Low Water Status
Conservation Halton Issues a Level I Low Water Condition
Thursday June 17, 2021 @ 1:30 PM
Conservation Halton advises that a Level I Low Water Condition has been issued for our jurisdiction as a result of extended dry conditions with below average rainfall beginning in April, extending through the entire month of May and continuing into June.
Conservation Halton assesses precipitation and streamflow conditions at selected long term monitoring stations located across our jurisdiction over 30- and 90-day periods to determine low water status. Between March and May, our watershed received below 80% of the normal precipitation for this time of year. Drier conditions and minimal rainfall are expected to continue for the remainder of June according to recent weather forecasts. Most of our streamflow stations remain at, or above the lowest summer monthly average streamflow on record however flows will continue to decline as the dry weather persists.
Under the Level I Low Water Condition, water users in the Conservation Halton watershed are asked to voluntarily conserve water with the aim of reducing overall consumption by 10 percent. The Low Water Condition is based on criteria set by the Ontario Ministry of Natural Resources & Forestry (MNRF). Water users that rely on municipal sources are reminded to follow any water conservation measures as prescribed by Halton Region or their local municipality.
Low water conditions are especially important for surface water takers and shallow well users. For residents experiencing problems with their shallow wells, information is available through the Ontario Ministry of Environment, Conservation and Parks (MECP) website at:
Under the Ontario Low Water Response Program, residents and businesses are encouraged to conserve water by voluntarily reducing non-essential uses, both at home and at work, to help achieve a 10% reduction in overall water use.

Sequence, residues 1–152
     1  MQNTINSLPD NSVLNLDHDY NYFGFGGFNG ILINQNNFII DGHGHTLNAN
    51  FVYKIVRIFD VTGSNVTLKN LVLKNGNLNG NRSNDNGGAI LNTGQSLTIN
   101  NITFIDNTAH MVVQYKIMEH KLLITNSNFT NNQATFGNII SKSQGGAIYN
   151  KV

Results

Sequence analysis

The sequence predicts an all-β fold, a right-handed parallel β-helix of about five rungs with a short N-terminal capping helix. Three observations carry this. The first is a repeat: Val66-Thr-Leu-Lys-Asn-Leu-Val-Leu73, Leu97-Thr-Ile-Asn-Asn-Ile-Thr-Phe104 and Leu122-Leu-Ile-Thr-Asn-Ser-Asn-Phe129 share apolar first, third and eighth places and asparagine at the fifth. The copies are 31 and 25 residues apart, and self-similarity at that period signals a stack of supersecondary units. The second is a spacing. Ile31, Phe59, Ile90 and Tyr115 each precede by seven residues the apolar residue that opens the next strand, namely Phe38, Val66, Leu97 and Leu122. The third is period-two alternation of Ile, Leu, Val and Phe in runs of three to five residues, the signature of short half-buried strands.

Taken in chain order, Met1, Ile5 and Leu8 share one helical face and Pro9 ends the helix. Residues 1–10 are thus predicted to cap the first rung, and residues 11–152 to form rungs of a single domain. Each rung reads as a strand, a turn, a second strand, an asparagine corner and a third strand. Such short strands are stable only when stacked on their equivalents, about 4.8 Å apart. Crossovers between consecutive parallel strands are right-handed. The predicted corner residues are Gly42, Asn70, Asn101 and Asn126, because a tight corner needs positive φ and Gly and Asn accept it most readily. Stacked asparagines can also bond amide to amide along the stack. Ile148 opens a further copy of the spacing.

To reduce water use by 10%, Conservation Halton offers the following water conservation tips:
• Adhere to regional/municipal watering restrictions that may apply.
• Reduce non-essential water use.
• Make use of water storage (e.g., use rain barrels to water gardens).
• Withdraw water more slowly over a longer period of time (e.g., reduce pumping rate and time of day).
• Schedule surface water withdrawals with neighboring water takers.
Conservation Halton will continue to monitor rainfall and streamflow conditions to determine if further water restrictions will be necessary throughout the summer months. Updates will be provided as required.
This Level I Low Water Condition will remain in effect until further notice.
For further information or questions regarding this message contact:
Manager, Flood Forecasting & Operations
(905) 336-1158 x2294
Manager, Marketing Services
Low Water Conditions
Conservation Halton, in partnership with the Ministry of Natural Resources and Forestry, assists in the co-ordination and support of local response in the event of a drought. We monitor local water level and precipitation closely and work with local water users to reduce demand and mitigate effects of water shortages, encouraging voluntary water conservation measures. Consisting of representatives from the Province, Municipalities, Conservation Authorities, local water users and interest groups, a Water Response Team is coordinated by Conservation Halton in its watershed.
There are three levels of Low Water Conditions:
|Normal||Conditions are within normal limits.|
|Level I||First indication of potential water supply problems, primarily a warning level - Key focus is on voluntary conservation of water|
|Level II||Indicates a potentially serious problem - conservation of water is extended to restrictions on non-essential uses|
Indicates a failure of the water supply to meet demand - Key focus is on conservation, regulation and enforcement of non-essential uses
The Plan identifies three categories of water usage that would be used in ranking water usage allocation under Level 3 low water conditions as follows:
- Essential Uses consist of water uses which deal with human life and health; a reasonable supply of water for drinking and sanitation, health care and public institutions (wastewater treatment, fire protection, schools and power generation) as well as water required for basic ecological functions
- Important Uses consist of uses important for social and economic well being and would include activities critical to industry, commercial operations and agriculture
- Non Essential Uses consist of uses which can be interrupted for a short period without significant impact and would include private swimming pools, lawn watering, public and private fountains and vehicle washing